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U.S. is sharing more intelligence with allies and public, says Sen. Angus King

U.S. Sen. Angus King, an independent from Maine, answers questions posed by YJI's Lyat Melese. (YJI photo)

Washington D.C. – As the Russia-Ukraine conflict intensifies, the Biden administration is setting a new precedent with intelligence transparency, according to U.S. Sen. Angus King, a member of the Senate Intelligence Committee.

In a recent interview with Youth Journalism International, King, an independent senator from Maine, detailed the limitations and the interests driving this new transparency.

“This administration has released more information and intelligence than any prior from my experience,” said King, who has served on the committee since the Obama administration.

The committee is a small, bi-partisan group of U.S. senators who get access to highly classified information.

Since the war began, journalists produced photos of Russian tanks in Ukrainian cities, videos of landmines and stories of fleeing families, providing a plethora of information. The American government echoed this transparency by alerting European allies to Russia’s possible invasion, leaking satellite images and troop estimates.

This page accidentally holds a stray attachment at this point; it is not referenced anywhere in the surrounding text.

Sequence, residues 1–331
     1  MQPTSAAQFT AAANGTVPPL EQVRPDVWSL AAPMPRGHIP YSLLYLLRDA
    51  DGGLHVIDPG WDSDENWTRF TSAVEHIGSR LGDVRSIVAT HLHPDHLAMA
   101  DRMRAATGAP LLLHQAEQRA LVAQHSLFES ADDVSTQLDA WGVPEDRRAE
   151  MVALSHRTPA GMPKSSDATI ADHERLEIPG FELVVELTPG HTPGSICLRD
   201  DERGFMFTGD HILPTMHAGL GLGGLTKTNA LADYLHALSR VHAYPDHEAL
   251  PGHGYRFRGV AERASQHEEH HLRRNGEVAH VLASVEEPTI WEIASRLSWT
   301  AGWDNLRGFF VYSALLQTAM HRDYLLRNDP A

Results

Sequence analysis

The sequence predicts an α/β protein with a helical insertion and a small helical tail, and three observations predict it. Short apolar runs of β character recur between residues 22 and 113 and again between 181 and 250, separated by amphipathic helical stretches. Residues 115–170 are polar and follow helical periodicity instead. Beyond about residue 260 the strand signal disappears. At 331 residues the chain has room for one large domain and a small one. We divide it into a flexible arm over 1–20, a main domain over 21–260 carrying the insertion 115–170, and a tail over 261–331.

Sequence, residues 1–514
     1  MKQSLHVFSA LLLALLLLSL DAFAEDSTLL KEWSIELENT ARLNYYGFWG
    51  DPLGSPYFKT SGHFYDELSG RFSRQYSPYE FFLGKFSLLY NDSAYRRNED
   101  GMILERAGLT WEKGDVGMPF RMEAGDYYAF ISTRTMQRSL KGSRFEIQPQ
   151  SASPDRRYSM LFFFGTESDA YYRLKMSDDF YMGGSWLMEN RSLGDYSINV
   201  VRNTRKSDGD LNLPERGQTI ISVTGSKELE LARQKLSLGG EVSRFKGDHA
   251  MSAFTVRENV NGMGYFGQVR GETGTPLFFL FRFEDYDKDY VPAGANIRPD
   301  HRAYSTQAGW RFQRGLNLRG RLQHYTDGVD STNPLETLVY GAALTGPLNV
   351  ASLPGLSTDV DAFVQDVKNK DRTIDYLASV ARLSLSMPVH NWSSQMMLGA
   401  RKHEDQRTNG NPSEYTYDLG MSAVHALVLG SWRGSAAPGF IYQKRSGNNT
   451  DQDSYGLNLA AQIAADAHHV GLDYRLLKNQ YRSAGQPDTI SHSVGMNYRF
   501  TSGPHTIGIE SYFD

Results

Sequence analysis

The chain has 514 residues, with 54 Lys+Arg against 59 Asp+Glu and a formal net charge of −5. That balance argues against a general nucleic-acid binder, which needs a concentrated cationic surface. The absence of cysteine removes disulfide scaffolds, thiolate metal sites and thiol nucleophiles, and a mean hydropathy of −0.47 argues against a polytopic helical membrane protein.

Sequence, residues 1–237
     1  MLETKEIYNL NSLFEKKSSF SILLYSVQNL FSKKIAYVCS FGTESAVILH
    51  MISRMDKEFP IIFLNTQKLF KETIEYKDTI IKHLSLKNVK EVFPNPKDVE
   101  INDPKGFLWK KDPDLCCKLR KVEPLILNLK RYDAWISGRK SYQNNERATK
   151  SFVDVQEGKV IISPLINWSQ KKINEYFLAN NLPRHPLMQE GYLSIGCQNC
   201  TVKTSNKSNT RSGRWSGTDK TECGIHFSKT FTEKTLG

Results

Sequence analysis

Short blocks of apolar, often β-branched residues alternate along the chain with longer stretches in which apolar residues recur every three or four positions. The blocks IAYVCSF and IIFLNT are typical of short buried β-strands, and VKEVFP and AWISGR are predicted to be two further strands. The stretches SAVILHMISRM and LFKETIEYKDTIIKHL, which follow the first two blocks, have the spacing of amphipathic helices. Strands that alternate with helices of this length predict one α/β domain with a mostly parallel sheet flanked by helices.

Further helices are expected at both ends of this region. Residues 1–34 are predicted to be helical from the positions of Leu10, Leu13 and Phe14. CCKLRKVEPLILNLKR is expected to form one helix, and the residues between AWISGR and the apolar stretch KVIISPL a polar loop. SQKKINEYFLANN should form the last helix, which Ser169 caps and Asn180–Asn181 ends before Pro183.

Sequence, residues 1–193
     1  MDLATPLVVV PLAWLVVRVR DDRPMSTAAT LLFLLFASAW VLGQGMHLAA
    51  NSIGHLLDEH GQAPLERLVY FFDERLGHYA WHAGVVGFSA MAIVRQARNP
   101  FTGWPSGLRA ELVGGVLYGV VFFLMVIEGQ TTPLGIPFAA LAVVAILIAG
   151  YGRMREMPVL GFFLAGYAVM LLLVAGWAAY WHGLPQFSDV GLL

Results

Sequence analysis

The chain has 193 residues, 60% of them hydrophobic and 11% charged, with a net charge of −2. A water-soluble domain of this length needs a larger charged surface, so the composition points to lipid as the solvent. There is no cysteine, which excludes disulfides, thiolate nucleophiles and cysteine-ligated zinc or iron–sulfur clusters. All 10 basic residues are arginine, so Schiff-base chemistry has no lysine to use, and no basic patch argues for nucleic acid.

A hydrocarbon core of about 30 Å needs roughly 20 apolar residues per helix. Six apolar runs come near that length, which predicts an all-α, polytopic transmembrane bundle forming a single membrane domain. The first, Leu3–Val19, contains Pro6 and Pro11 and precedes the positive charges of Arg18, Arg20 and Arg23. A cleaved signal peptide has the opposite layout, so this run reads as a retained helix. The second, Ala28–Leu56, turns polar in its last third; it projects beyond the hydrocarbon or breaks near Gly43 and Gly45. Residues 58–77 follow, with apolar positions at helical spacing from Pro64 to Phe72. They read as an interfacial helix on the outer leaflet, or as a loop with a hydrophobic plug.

Before Russia invaded Ukraine, King said, the United States released information about the location and actions of Russian troops. He said this was an important part of preparing the world for the invasion.

In order to declassify some intelligence, the Biden administration had to challenge previous practices in the intelligence community and within the capitol.

“The intelligence committee tends to hug information,” King said.  “They often classify things that don’t need to be classified.”

While the Biden administration has released intelligence to allies and the public alike, this is done with consideration for national security.

“It starts with our own national interest,” said King. “We share information when it is consistent with our national policies.”

There are limitations to intelligence transparency. Protecting the intelligence community’s “sources and methods” is a primary concern.

King said when information is released to the public, this provides an opportunity for our nation’s adversaries to learn about our methods of gathering intelligence. 

When releasing intelligence, it is critical that the integrity or confidentiality of sources is not put at risk, he said.

“The danger is that you don’t want to compromise how you learn things,” King said.

According to King, the Biden administration is committed to supporting Ukraine while protecting its own interests.

Information should be declassified, King said, as long as “it doesn’t compromise sources and materials and it will be helpful in furthering national interest.”

Lyat Melese is a Senior Reporter with Youth Journalism International.

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